Nebraska Meals on Wheels Nebraska Meals on Wheels provides well-balanced meals to eligible seniors statewide. To qualify, seniors must be aged 60 and over. Those mobile enough can enjoy meals with peers at their local congregate meal site, while those who are immobile receive daily meal delivery with an accompanying safety check to monitor their well-being. Services are offered on a sliding-fee scale. Additional services are also available and vary from program to program, including transportation to doctor appointments, telephone reassurance and pet food delivery.
Nebraska Senior Farmers’ Market Nutrition Program (SFMNP) 402-471-6857 The state departments of Agriculture and Health and Human Services administer the Nebraska Senior Farmers Market Nutrition Program. Seniors aged 60 and over whose income is at or below 185% of the federal poverty level can receive limited funds annually via this program. Older adults can use SFMNP coupons at markets to acquire unprepared fruits and vegetables, honey and other locally produced and seasonal foods.
Nebraska Supplemental Nutrition Assistance Program (SNAP) 800-221-5689 The Nebraska Supplemental Nutrition Assistance Program helps eligible seniors over age 60 obtain healthy food. To qualify, applicants must meet certain resource and income requirements. SNAP benefits are placed on an electronic benefits transfer card, and they can only be used for food. Most supermarkets and grocery stores statewide and some Meals on Wheels services accept SNAP funds. Liquor, wine, beer, tobacco products and prepared foods, such as restaurant meals, can’t be paid for using SNAP benefits.


Free Used Medical Equipment

Due to the high cost of purchasing new medical equipment, several organizations in Nebraska collect lightly used medical devices such as wheelchairs, ramps and walkers and distribute them to local seniors and residents in need.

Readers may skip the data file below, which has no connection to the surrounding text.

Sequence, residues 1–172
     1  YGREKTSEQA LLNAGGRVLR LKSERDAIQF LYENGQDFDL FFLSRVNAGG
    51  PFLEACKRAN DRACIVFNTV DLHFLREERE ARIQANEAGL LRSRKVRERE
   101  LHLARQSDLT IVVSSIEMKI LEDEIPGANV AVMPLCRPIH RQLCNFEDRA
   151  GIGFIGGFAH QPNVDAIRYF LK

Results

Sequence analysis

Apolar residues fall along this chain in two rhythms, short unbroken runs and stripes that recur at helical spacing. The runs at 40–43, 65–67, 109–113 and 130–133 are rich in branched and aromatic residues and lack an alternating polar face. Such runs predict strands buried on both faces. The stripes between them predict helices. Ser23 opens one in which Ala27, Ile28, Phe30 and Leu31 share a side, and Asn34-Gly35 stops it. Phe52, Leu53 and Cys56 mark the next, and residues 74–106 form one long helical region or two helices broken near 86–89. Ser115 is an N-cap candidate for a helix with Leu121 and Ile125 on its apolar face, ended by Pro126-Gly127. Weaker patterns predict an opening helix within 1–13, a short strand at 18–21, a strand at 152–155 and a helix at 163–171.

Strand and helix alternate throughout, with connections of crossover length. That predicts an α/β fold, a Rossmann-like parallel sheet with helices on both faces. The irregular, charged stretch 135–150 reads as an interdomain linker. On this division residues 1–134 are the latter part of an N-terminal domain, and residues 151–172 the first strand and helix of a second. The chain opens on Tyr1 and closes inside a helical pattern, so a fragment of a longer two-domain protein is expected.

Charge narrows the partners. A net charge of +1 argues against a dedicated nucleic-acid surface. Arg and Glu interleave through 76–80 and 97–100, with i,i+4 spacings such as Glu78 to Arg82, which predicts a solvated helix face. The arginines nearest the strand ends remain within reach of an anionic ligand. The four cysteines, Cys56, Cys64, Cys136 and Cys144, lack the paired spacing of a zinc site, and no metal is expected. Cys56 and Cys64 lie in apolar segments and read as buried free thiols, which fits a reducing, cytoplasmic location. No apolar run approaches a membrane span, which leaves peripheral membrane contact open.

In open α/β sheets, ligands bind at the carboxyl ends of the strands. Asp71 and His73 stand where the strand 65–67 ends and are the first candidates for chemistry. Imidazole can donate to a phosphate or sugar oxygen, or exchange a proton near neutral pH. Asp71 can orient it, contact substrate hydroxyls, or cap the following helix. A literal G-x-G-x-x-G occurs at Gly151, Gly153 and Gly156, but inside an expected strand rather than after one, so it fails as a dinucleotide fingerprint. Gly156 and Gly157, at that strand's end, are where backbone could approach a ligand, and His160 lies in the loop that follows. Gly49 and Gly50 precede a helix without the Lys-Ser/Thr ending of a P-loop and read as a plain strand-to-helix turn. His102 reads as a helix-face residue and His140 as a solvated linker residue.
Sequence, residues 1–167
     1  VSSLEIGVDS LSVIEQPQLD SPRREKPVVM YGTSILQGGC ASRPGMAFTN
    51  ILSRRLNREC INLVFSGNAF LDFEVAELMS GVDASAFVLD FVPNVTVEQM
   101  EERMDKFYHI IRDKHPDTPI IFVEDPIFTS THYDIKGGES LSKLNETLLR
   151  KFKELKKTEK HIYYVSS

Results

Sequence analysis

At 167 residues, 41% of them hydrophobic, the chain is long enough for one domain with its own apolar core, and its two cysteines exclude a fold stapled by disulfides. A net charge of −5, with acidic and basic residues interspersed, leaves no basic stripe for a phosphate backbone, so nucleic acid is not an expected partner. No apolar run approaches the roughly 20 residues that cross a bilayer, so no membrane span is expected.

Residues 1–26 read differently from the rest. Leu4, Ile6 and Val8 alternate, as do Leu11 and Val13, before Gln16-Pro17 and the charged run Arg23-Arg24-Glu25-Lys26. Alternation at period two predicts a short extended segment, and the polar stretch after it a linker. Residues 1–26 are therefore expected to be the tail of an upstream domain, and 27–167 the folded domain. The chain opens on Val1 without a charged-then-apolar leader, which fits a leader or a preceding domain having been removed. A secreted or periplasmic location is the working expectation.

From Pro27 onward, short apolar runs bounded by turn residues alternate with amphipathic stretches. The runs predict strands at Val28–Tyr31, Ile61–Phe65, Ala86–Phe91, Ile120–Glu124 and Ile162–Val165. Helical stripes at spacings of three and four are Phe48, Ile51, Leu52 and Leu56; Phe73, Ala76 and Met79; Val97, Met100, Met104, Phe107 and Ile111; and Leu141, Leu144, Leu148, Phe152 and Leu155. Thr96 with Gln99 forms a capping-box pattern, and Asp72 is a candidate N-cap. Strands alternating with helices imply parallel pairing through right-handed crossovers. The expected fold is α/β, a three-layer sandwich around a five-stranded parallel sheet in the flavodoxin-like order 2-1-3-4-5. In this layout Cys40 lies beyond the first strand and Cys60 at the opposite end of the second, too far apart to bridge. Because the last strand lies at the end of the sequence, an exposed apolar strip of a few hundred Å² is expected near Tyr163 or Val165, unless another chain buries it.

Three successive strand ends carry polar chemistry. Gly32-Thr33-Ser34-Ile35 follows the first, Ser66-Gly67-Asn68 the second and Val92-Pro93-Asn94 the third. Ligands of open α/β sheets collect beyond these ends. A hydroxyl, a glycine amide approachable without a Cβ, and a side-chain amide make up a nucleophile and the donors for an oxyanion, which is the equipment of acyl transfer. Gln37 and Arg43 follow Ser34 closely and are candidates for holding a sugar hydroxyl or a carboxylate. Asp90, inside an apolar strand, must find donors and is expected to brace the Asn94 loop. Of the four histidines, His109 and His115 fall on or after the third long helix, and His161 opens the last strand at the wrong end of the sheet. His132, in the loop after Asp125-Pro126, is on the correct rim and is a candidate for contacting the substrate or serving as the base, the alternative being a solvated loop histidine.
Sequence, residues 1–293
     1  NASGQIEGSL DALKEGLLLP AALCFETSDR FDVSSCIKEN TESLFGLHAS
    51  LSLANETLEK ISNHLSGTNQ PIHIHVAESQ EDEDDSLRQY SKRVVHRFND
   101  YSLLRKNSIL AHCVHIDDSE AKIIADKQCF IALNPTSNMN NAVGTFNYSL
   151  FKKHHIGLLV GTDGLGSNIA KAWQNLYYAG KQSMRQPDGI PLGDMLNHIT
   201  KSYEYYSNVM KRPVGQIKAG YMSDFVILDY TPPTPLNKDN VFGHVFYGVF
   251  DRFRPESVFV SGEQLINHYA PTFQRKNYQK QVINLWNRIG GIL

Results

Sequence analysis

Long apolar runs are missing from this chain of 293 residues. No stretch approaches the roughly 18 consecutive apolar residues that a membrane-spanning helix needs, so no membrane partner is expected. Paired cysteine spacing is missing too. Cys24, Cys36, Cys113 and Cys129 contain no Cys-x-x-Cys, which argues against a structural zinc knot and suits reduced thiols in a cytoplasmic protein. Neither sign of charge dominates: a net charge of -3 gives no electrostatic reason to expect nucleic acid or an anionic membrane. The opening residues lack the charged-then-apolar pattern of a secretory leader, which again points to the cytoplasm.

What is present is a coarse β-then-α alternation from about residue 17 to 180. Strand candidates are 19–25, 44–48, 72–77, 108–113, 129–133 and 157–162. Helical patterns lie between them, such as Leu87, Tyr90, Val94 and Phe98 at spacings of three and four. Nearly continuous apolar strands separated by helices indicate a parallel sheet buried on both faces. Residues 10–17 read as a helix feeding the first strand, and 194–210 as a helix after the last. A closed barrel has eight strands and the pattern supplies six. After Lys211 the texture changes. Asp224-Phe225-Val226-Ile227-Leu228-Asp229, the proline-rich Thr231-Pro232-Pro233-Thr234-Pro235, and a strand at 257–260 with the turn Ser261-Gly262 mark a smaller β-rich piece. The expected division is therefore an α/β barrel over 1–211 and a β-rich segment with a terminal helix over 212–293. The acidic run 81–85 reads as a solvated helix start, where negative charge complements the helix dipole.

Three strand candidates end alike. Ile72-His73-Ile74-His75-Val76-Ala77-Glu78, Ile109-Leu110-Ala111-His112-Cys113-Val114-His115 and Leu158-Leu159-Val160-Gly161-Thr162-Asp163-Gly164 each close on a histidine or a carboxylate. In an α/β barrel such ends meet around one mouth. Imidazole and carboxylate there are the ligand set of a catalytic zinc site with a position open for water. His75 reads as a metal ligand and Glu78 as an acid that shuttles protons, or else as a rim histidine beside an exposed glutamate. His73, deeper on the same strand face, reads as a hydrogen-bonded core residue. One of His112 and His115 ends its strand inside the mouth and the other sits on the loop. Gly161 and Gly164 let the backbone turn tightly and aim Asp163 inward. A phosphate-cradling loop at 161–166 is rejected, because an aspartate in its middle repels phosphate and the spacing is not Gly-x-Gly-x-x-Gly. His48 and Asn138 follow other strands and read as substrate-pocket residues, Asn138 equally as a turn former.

Program Name Phone Number Description
Nebraska Methodist’s Equipment Loan Program The Equipment Loan Program, offered by Methodist Health Partners, accepts donated used medical equipment, inspects and sanitizes it according to Centers for Disease Control (CDC) guidelines, and offers it for free or on loan to Nebraskans who need the equipment but cannot afford it or get it covered by their public or private health insurance plan.
Nebraska ReUse Network The Nebraska ReUse Network helps seniors retain their independence at home by providing access to needed medical equipment that might not be covered by Medicare, Medicaid or the individual’s private health insurance plan.


Home Repair and Modifications

Seniors and those with disabilities can access a variety of local resources to help them pay for home repairs and modifications. Programs in Nebraska have different eligibility criteria and often assist retirees by providing grants or loans.

Program Name Phone Number Description
Nebraska 504 Home Repair Program Rural Development housing repair loans and grants help low-income and elderly Nebraska homeowners procure funds to remove health or safety hazards from their homes, and modernize or weatherize their dwellings. The funds from these loans or grants can be used on projects such as HVAC repair, insulation and water supply repair or replacement.


Many organizations offer free or low-cost legal services to Nebraska seniors. Older adults can access advice on issues such as estate planning, living wills and power of attorney. Some firms also act as long-term care ombudsmen, advocating for the rights of seniors in senior living communities.

Program Name Phone Number Description
Legal Aid of Nebraska 877-250-2018 Legal Aid of Nebraska helps seniors with various civil law issues, including disputes regarding evictions, disability and Medicaid benefits and utility shutoffs. Walk-ins are welcome at LAN’s Omaha, Lincoln, Grand Island and Scottsbluff offices. The Omaha office is open Monday through Wednesday, 1 to 4 p.m., and the Lincoln location is staffed Monday and Wednesday during the same hours. The Grand Island and Scottsbluff offices hold hours on Tuesdays, 12 to 3 p.m. and 1 to 4 p.m., respectively.


Medicaid Resources